We’ve been using this innovative, low-profile helmet throughout 2017 and will continue our partnership with Bell into 2018. Here’s my thoughts on how this helmet has performed so far.
When I was approached by ZyroFisher (Bell’s UK distributors) back in June 2016 I couldn’t believe our luck. One of the largest helmet manufacturers in the world had noticed our team and races and wanted to support us. Not only that, they wanted to provide us with custom versions of their latest helmet which hadn’t even been announced at the time. I had to contain my excitement and keep things quiet.
The weeks ticked by and eventually the 2016 Tour de France eventually came around. Finally I could get a chance to see what the helmet would look like as the Lotto-Jumbo NL team debuted the helmet during the Tour. It was a thing of beauty. I hadn’t been able to get any more information from Bell regarding the helmet at this point, but it looked great in comparison to a lot of the other helmets in the peloton and a video by GCN from Bell HQ about the new helmet a few days later confirmed my suspicions.
Not only was it a great looking piece of equipment, the technology was smart and understated too. Built in MIPS technology (not just an afterthought like on other helmet designs) and a clever float fit system got the reviewers purring and I found out the benefit of MIPS first-hand towards the end of summer 2017, but more on that later.
Eventually I got my hands on some templates to lay down a design to match our 2017 team kits and from there on it was a matter of waiting for them to arrive. In the meantime we were supplied with a standard colour way Zephyr (all black obviously) and we could really start to test out how good it really was.
Immediately I was impressed with the fact each helmet fit everybody, with no complaints. How many helmets can fit so many different head shapes and sizes? Then the low profile fit was also a bonus. I’ve tried many helmets in the past and the mushroom effect was often a problem for me. The clever MIPS integration and the multiple compound foam layers helps keep the Zephyr profile down to a minimum, which is important for me. This doesn’t claim to be an aero helmet, but I can imagine a good fitting Zephyr is an aerodynamic challenge for a poorly fitting aero helmet (or there won’t be too much difference in drag either way).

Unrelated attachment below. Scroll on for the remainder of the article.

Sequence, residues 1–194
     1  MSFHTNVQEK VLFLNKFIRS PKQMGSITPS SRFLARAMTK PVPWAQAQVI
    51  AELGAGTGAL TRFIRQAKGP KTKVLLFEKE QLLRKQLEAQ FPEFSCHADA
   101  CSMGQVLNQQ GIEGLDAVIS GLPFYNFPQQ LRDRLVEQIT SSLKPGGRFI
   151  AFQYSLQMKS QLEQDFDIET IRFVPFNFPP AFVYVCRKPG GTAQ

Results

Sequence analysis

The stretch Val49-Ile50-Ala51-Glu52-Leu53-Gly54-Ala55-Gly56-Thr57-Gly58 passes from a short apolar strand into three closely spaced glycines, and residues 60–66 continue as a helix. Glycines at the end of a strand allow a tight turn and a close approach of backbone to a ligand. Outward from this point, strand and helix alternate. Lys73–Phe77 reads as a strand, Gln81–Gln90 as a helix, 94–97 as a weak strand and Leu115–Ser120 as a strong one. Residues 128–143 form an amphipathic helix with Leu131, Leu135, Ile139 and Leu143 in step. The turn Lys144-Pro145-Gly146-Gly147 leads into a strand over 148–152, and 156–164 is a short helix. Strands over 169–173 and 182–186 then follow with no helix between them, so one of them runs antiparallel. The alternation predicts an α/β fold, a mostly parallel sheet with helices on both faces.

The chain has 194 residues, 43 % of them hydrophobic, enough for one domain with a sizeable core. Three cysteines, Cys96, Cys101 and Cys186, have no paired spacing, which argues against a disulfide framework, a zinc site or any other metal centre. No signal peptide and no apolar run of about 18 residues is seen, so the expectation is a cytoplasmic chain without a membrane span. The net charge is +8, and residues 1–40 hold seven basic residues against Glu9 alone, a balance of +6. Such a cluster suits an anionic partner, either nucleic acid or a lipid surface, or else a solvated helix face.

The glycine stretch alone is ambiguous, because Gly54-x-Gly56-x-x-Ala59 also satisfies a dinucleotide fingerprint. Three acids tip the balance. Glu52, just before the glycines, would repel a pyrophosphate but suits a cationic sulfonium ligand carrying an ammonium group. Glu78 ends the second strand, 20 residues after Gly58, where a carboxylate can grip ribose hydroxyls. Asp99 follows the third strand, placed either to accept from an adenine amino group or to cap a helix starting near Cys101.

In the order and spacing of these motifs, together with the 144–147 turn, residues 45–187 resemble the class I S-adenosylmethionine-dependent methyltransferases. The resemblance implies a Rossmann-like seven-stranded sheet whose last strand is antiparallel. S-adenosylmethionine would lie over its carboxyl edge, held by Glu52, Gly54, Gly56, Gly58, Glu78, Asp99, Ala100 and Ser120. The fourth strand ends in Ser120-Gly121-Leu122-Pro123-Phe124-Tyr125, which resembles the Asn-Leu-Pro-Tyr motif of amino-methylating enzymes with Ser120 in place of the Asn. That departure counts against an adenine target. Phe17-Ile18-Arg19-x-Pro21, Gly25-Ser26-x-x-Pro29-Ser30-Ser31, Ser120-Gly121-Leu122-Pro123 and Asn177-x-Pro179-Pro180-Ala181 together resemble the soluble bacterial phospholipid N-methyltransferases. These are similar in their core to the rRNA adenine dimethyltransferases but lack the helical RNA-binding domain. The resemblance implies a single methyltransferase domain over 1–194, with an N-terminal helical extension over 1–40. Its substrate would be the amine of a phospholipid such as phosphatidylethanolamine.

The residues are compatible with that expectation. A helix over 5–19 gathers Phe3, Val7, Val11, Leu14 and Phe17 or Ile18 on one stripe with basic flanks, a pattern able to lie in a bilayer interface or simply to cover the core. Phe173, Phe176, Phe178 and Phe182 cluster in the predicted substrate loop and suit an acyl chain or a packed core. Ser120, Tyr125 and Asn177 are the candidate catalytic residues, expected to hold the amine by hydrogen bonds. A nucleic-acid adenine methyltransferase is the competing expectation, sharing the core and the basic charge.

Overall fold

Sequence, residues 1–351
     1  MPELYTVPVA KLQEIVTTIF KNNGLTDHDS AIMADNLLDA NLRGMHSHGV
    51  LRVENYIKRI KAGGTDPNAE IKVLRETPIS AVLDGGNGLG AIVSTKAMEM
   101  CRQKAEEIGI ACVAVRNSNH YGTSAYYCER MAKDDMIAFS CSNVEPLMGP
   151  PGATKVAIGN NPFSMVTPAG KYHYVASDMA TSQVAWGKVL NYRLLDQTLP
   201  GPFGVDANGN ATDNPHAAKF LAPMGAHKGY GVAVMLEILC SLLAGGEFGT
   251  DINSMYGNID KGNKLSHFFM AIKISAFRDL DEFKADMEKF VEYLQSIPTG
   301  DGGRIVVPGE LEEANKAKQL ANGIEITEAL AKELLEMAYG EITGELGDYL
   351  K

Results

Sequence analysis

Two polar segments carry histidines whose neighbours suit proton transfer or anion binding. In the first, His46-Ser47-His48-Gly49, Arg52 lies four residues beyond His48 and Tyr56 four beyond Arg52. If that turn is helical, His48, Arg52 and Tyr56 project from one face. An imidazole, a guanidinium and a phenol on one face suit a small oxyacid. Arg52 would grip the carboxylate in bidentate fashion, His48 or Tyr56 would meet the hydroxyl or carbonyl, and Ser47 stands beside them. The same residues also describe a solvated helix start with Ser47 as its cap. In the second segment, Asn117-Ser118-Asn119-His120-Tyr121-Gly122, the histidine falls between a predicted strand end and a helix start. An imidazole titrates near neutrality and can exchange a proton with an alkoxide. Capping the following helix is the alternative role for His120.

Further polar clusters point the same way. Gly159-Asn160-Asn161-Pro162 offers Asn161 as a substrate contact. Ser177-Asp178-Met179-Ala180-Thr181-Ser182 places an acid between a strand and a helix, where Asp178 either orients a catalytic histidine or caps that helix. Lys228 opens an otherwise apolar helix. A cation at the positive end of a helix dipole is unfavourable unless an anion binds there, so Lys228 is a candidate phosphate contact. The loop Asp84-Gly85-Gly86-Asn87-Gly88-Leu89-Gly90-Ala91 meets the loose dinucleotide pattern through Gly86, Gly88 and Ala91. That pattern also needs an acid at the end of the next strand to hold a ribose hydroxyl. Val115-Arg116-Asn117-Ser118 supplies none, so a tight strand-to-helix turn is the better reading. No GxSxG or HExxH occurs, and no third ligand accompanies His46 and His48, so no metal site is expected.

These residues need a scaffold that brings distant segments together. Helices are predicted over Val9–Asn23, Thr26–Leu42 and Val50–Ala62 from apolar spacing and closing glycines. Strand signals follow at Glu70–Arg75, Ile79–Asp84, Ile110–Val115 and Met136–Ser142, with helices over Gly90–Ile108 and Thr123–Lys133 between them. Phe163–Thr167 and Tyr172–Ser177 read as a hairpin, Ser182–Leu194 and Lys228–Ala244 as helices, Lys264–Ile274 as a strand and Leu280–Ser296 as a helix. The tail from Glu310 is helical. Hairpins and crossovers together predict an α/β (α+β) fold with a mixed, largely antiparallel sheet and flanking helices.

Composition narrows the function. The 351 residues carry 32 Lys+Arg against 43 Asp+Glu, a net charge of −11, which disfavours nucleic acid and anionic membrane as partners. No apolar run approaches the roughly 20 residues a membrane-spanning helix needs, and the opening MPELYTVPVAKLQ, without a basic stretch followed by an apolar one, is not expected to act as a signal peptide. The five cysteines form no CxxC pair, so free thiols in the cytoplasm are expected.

The helmet was so open and airy that, while the weather was so cool, I didn’t even feel like I was wearing a helmet at some points. I usually run quite hot and the heat build up in some helmets can feel uncomfortable, but not with the Zephyr. I tested this to my limits when I tackled the mountains of Hokkaido on my regular trip to see the in-laws in Sapporo, Japan. The design is open enough for hot and hilly training rides, light enough for high intensity cyclocross racing and aero enough for fast-paced criterium action.
As the season progressed the team raced and trained in their helmets time after time, thankfully very rarely needing the helmet to do its job, but when it was needed it didn’t let us down. The first test was when Jess unfortunately took a tumble at the beginning of the year causing an injury that would keep her from racing all summer. Her hip was fractured and her head had hit the floor but she hadn’t realised quite how much impact there had been until she checked the helmet a few days later and saw the damage. The multi-density EPS foam doing its job perfectly.
Then, in September, I was rushing through town in heavy traffic when I managed to unclip while putting some effort down out of the saddle. I lost my balance at speed and after fighting with the handlebars for a few yards, found myself flipping onto the pavement. I landed on my head, hip and shoulder (the same one I broke 18 months before). Thankfully I didn’t do myself any major harm, just some road rash and a heavily bruised hip (I did go and get an x-ray to make sure it wasn’t broken though) and I was back on the bike about 10 days later.
Checking the helmet out I could see that I hit the front right of my head on the tarmac during the dismount, but I had no head injuries or concussion from the accident. Again, the impressive Zephyr had done its job without any fuss or fireworks.
With 2018 around the corner and a new design already sent off to the factory, we can’t wait to continue working with Bell. There’s a lot to be said about being given the opportunity to use equipment of the highest quality that you have full confidence in.